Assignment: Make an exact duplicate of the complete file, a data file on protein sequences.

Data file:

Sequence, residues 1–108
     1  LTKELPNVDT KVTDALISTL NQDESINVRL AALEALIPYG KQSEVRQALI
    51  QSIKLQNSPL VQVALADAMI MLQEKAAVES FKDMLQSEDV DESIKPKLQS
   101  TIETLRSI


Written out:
Sequence, residues 1–108
     1  LTKELPNVDT KVTDALISTL NQDESINVRL AALEALIPYG KQSEVRQALI
    51  QSIKLQNSPL VQVALADAMI MLQEKAAVES FKDMLQSEDV DESIKPKLQS
   101  TIETLRSI